Britain and Ireland are not so much island nations as nations of a thousand islands. They contain more small inhabited islands than cities, and their coastlines are tens of thousands of miles longer than the short span from Land’s End to John O’ Groats. The shore itself is a wide space, where the influence of sea extends across the land and the influence of land reaches out into sea. This is the part of our islands with the greatest biodiversity: hundreds of thousands of species meet where land and water interact.
Land maps leave the sea blank, while sea maps leave the land empty
Yet our society isn’t good at representing or imagining the shore. Land maps (whether road atlases or Ordnance Survey sheets) leave the sea blank, while sea maps (such as admiralty charts) leave the land empty. The strange result is that everything that takes place across the shoreline is unmappable. And because so much of the coastline is vertical, the bird’s-eye perspective of our maps hides large areas, such as sea cliffs, which have often been culturally significant. The visionary cartographer, Tim Robinson, draws his maps deliberately wrong to deal with this. He stretches coasts that would otherwise be thin lines into wider spaces, and covers them in names for sites that were once workplaces. His maps illustrate the fact that, even in fishing communities, there were once more jobs on the cliff-face and the strandline than on either land or sea. Indeed, the industrial revolution, and the operation of Manchester or London factories, was dependent on seaweed collected from tiny islands hundreds of miles from cities.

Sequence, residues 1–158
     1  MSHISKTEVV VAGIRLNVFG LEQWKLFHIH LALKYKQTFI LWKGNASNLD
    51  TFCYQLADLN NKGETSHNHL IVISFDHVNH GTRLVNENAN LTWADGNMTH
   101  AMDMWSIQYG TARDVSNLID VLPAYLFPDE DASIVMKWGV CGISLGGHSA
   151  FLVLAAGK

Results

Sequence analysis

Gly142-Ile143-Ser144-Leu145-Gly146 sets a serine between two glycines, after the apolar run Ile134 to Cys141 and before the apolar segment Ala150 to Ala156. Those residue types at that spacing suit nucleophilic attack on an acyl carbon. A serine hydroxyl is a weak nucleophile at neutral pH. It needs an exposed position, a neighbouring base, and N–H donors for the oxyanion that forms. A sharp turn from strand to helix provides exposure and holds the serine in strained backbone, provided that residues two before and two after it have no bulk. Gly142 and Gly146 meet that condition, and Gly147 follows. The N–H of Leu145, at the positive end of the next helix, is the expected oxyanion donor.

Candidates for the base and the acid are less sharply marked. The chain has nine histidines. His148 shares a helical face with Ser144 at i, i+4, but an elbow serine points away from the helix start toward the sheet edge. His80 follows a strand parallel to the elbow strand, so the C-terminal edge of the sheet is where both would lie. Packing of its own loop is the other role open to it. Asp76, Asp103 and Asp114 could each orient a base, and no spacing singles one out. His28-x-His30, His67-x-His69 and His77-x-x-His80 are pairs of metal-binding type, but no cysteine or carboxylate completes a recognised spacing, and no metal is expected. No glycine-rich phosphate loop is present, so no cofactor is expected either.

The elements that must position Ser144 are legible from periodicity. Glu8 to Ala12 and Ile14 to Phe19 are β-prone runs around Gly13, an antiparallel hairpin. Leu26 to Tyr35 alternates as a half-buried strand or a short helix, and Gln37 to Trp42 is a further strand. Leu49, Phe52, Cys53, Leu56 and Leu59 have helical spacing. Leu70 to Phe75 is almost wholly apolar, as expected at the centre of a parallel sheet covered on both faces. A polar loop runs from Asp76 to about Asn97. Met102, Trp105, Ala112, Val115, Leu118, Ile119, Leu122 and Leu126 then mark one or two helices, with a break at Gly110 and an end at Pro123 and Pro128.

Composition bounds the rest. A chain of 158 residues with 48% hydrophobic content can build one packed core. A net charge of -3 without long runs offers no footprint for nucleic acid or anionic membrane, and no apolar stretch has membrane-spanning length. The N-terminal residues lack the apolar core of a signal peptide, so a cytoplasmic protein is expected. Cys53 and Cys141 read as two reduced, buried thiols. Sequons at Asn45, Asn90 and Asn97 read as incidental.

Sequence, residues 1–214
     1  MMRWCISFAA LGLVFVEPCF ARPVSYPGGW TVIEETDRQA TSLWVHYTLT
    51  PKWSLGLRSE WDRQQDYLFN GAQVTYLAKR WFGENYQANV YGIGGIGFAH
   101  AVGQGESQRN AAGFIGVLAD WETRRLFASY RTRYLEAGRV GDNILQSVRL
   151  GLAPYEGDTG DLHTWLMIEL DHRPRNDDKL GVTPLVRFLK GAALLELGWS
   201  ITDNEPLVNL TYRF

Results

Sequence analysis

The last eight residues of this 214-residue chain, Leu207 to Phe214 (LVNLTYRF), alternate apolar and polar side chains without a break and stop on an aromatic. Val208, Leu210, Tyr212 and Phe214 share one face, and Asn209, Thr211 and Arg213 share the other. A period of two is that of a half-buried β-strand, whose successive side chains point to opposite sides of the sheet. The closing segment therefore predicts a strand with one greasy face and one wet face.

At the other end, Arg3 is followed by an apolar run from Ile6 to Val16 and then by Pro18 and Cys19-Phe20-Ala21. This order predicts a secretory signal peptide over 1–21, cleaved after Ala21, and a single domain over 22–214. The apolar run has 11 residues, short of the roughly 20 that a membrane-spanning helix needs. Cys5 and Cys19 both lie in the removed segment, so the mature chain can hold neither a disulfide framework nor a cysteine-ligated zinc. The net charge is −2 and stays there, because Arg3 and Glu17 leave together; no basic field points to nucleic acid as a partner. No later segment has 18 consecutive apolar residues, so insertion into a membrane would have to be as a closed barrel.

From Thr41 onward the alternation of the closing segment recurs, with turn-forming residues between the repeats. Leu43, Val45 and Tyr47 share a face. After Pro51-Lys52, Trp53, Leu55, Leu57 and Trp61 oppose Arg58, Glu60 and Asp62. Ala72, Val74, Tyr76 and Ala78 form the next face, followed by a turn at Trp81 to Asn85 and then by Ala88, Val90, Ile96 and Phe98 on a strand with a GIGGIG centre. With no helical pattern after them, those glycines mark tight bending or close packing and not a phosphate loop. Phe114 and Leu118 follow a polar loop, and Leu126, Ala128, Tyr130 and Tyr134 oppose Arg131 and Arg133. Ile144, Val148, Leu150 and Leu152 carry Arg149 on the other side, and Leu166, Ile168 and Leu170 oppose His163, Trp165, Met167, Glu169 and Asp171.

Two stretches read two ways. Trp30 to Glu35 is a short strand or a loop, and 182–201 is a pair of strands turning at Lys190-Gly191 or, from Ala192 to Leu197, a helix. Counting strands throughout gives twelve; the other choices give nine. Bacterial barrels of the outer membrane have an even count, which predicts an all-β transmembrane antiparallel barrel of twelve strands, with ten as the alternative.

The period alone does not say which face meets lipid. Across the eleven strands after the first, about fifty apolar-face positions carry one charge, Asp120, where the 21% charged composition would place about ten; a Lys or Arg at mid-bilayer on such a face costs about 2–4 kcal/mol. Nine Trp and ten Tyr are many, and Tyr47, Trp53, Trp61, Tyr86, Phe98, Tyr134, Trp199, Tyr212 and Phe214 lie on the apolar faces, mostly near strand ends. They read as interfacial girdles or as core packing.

These shoreline histories, so often forgotten, relate to a broader issue today. Our coasts are constantly presented as somewhere scenic to escape to, rather than places with rich cultures of their own. Our society now confronts crises caused by desire for unlimited economic growth and centralised power, which had both, until recently, appeared inevitable developments. Yet the very different societies of our coastlines – often formed round small languages such as Scottish Gaelic, Irish, Shaetlan and Welsh – never entirely succumbed to that logic. They often saw their survival as dependent on resisting it. These cultures have had two centuries to imagine alternative visions of progress that English-speaking culture is only just beginning to see the need for. They can therefore inform the ways we imagine a less destructive future.
I set out to immerse myself in these coastlines by kayaking all of them
If coasts ought to be at the centre of our concerns, it’s perhaps strange that when people write books with Britain in the title, the perspective taken is almost always that of inland cities. Coastal regions from Shetland to the Outer Hebrides are rarely even mentioned. It’s this that made me look for ways to explore how Britain and Ireland might appear if viewed from their Atlantic coastlines. I knew this was something that couldn’t be imagined from my desk in the University of Birmingham, so I set out to immerse myself in these coastlines by kayaking all of them. Beginning in Shetland and ending in Cornwall I spent half of each month for a year on stunning but treacherous seas that had once been everyday routes for countless local families.
Doing this produced a unique perspective on Britain. In 12 months’ travel, for instance, only the very last reached England. I’d kayaked for five months before I reached my second town with a population of more than 600 (this was Ullapool, the first had been Stromness in Orkney). And for a very large proportion of the journey, English was a second language of the regions I travelled through.